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My battle with depression - by Richard Cartridge
HIS confident, silky tones have made DJ Richard Cartridge a household favourite for years.
No one tuning into his popular Radio Solent show could have guessed that the confident, consummate professional was struggling mental illness.
Richard is exclusively opening up to the Daily Echo about his battle with bipolar disorder ahead of a new show – coming to the Concorde Club in Eastleigh on Friday – which tackles it.
Today he has, with the help of mental health experts and medication, won the battle against bipolar.
And he is no longer subject to the huge swings between lows so bad he was hospitalised to highs when he spent money he couldn’t afford, splurging on top of the range cars including a Jaguar and two BMWs and hiring limos to take his friends on nights out.
Richard says he wasn’t aware of suffering from bipolar disorder, which is characterised by severe mood swings, until around 1997, when he and his second wife separated.
He found himself “in the wilderness” and checked into the Priory in Bournemouth, where he was diagnosed as suffering from the disorder.
It has been a difficult condition to deal with.
At a low point he was picked up by the police at night at Studland Bay.
“I grew up in that area and it felt like home,” explains Richard.
“When you feel low you want to go home. When you’re like that you don’t have a great sense of time. I got to the beach and just curled up and went to sleep.
“I was wearing a very expensive designer suit because I was spending a huge amount of money then on clothing (lavish spending was a manifestation of the disorder). Some police officers came along and they knew something wasn’t right and were very concerned.
“They said ‘you’re vulnerable here’, so they took me to the police station and gave me somewhere to rest and in the morning they gave me some breakfast and sent me on my way.
“They were so lovely and genuinely concerned.”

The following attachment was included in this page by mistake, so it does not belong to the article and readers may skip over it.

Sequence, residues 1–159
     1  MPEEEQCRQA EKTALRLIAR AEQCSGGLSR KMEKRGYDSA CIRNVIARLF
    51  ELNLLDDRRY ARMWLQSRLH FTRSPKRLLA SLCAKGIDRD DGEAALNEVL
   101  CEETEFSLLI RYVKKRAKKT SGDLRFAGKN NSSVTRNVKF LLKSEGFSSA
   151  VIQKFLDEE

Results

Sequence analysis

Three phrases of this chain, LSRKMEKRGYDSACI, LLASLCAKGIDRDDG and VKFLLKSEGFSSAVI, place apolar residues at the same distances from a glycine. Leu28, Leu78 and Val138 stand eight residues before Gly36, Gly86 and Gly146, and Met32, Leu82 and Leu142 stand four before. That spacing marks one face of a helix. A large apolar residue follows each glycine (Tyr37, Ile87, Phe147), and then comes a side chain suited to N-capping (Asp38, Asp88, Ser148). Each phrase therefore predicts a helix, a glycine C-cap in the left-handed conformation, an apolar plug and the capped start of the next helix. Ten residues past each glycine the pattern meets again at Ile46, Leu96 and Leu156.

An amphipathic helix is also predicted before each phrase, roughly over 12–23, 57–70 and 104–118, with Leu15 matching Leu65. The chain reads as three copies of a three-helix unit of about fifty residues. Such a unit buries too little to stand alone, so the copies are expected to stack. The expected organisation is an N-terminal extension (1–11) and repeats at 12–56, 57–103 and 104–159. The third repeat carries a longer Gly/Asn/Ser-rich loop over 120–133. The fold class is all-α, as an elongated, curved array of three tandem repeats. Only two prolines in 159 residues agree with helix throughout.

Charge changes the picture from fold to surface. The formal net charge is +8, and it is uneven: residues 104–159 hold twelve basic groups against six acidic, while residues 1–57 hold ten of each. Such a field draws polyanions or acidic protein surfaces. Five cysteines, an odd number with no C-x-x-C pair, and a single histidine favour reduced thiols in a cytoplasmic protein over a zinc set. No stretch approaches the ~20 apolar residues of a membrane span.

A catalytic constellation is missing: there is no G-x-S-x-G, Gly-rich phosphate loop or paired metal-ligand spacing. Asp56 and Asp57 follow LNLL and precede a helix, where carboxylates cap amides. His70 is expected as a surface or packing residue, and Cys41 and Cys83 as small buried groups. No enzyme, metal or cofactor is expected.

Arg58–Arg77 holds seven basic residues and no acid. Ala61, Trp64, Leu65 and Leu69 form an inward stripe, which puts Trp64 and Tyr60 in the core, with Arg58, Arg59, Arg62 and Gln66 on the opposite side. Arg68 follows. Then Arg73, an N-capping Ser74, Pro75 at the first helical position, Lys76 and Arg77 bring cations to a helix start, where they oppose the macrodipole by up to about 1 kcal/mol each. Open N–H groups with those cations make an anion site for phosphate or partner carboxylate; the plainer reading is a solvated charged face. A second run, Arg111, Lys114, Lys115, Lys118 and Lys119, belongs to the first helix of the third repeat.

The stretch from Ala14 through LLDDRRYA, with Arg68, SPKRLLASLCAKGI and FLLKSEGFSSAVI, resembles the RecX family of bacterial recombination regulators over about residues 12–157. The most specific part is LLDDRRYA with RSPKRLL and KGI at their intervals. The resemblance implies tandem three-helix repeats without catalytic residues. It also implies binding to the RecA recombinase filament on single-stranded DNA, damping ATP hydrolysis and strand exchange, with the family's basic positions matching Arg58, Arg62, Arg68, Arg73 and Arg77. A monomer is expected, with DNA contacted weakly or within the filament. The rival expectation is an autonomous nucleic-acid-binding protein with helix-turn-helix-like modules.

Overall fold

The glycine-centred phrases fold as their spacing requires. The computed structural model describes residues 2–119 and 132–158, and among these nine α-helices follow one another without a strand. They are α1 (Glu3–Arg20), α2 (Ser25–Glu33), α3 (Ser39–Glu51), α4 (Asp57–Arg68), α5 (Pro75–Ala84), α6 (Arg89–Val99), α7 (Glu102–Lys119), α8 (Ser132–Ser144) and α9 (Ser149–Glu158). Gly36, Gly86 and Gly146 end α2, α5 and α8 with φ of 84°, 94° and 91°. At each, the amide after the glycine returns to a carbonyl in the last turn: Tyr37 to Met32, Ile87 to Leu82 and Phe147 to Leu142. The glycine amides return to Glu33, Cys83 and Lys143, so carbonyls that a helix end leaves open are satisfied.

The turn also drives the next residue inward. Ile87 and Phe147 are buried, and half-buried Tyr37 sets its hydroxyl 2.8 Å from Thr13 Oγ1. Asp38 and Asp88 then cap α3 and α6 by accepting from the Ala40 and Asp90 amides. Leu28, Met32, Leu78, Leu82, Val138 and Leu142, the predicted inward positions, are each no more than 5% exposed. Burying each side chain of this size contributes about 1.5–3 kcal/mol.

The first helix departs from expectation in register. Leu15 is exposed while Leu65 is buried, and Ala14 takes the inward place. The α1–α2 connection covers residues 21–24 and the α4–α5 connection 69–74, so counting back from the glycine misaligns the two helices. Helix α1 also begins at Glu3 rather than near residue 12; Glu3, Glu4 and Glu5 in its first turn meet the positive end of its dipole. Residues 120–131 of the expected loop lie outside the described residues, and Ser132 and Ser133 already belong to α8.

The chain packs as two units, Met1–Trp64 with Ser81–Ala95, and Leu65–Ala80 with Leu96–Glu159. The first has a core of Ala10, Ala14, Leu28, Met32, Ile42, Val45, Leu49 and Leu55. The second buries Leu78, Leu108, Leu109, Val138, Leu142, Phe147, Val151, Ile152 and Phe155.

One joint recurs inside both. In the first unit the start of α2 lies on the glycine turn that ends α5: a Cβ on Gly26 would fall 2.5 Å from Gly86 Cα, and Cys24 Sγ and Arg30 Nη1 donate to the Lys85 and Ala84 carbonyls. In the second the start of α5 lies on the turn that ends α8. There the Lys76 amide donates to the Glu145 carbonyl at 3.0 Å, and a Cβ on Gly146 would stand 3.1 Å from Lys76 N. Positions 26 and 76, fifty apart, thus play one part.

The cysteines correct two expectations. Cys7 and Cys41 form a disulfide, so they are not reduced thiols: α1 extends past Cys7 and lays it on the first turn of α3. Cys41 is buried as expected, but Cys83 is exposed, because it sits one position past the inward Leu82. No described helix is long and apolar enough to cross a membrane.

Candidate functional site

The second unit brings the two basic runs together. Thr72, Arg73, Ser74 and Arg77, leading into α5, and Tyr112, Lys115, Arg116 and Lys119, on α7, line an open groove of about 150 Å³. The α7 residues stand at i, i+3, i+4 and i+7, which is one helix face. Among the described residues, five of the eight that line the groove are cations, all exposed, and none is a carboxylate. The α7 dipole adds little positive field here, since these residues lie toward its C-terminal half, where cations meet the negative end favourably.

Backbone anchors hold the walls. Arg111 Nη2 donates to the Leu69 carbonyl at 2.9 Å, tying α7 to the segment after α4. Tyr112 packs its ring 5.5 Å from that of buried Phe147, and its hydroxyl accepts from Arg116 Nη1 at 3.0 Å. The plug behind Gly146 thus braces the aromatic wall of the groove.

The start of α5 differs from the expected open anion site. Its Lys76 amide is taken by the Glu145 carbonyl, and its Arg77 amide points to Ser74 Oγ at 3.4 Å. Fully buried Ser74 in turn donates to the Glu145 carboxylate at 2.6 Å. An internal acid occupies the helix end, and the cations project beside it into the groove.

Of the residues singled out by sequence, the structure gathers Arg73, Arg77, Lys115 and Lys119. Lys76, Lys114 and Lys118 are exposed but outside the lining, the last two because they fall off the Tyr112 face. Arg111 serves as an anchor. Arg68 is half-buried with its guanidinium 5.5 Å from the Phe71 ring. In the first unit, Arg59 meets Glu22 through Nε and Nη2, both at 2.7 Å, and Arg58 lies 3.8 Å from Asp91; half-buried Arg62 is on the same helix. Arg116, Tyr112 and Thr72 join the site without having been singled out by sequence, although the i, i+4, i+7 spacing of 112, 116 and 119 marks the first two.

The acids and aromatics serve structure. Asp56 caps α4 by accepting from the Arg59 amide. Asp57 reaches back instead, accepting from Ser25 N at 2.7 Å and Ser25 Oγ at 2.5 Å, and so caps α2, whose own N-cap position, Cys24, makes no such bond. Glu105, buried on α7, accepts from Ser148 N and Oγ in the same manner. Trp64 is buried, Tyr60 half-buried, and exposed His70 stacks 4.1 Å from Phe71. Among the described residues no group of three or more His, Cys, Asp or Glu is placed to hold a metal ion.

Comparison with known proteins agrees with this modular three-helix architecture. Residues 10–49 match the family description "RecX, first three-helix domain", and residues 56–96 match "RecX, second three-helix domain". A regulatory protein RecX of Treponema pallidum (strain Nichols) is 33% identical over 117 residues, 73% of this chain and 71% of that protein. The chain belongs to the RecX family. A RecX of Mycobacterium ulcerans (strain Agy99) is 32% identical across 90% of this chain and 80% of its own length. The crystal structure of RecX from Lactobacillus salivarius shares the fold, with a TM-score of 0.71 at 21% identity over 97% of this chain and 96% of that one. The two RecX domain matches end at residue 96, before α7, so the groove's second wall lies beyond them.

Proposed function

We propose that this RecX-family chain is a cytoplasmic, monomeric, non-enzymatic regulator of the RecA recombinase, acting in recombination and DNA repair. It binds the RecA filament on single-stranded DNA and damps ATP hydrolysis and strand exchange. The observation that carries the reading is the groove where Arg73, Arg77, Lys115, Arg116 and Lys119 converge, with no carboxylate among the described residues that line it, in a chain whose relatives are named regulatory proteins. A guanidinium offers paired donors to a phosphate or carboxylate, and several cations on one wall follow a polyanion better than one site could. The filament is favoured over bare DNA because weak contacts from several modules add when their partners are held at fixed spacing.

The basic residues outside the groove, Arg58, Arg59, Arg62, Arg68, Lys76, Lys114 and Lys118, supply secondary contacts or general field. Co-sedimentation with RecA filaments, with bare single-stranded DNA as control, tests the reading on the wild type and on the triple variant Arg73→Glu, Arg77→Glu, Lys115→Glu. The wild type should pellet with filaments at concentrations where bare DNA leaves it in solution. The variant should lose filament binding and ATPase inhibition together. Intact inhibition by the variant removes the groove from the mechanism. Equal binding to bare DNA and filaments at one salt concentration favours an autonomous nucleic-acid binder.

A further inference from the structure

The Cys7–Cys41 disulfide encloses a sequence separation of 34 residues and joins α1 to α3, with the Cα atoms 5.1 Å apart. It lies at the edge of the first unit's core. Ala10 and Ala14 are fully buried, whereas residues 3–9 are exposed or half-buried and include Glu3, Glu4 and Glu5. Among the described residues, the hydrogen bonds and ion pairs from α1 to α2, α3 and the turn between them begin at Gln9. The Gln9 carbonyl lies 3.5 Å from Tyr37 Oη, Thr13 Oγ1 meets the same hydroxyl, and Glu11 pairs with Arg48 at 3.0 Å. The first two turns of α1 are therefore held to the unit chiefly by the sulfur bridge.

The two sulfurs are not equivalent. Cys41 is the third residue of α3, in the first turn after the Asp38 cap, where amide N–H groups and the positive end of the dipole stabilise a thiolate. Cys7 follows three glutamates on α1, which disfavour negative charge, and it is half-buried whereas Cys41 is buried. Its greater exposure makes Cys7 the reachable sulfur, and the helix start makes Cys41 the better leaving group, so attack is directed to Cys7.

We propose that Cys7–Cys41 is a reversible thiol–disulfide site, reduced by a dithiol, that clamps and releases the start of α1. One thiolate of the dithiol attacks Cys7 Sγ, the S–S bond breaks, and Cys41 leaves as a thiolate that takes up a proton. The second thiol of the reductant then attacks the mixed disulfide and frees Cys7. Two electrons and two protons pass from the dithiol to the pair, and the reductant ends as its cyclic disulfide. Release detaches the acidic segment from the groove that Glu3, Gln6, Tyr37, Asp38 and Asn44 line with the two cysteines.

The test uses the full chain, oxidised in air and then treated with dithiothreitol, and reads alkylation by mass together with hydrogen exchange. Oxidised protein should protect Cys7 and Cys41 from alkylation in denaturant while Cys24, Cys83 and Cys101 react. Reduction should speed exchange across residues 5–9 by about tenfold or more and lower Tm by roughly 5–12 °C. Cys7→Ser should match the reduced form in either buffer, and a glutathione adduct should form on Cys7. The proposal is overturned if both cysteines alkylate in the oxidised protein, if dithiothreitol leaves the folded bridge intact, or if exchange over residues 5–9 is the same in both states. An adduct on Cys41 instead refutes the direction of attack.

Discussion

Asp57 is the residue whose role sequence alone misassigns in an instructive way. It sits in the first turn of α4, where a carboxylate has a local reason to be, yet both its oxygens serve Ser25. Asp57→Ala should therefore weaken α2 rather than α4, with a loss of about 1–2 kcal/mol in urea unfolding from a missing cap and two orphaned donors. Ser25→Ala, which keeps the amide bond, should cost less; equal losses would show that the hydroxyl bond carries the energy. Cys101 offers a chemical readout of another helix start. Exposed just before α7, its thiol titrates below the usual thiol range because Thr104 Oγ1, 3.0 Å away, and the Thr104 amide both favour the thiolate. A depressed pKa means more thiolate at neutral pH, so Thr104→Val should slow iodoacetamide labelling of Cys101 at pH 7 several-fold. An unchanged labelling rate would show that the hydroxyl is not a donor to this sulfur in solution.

Other lows saw Richard take to his bed for long periods of time.
Different things could trigger a low episode, including the September 11, 2001 terrorist attacks.
Richard found himself breaking the news of what had happened live on his Radio Solent show and scrambling to find out what was happening and relay it to his listeners.
“I was quite ill after that,” he says, “I needed hospital treatment.”
He was treated at the Royal South Hants hospital, with a combination of talking therapy and drugs, which have turned out to be his saviour.
“They were absolutely wonderful and so understanding,” he says.
Today he feels completely well, and has for around ten years. He says that he still feels highs and lows, but not the manic highs that saw him go on spending sprees, filling the living room of his and partner Chellan’s living room in suburban Southampton with things be bought, nor the crashing, crippling lows.
He is sharing anecdotes about his disorder in his new show, along with ones from his friend Nigel Hopkins, a recovering alcoholic, as well as music and singing.
Perhaps surprisingly, Richard says that the show is very uplifting.
“Alcoholism and bipolar have some very funny symptoms if you look at it that way,” he says.
“Because we have the conditions we can talk about it. If it was talked about in this way by someone who didn’t have the condition it would be quite sick.
“It’s uplifting because we survived and sometimes they both have fairly comic symptoms.
“It seems to be encouraging people to open up about alcoholism and depression.
“We’re not ridiculing these conditions but talking openly about them in the hope that people will think about them.”
Looking back at the time he was suffering bipolar, Richard says it was like having two lives. At the same time that he was having incredible lows and highs, he managed to have a successful career and raise five children.
“You can have a normal responsible life and also be having these episodes,” he reflects.
“They almost run in parallel.”
He is happy and stable now, although he says he still monitors himself.
“I’m outwardly quite outgoing – I might be too loud for some people. I catch myself and think ‘oh, you’re being an ass!’.
“I’m much happier now,” he continues.
“I don’t miss the highs. I do still get big adrenaline rushes, like when I go on the air, but not like the old days. I’m so much more content now.”
n Richard Cartridge and Nigel Hopkins’ show, How Blowing my Own Trumpet Nearly Killed Me, is at the Concorde Club in Eastleigh on Friday.
For more information about the show, visit nigelhopkins.co.uk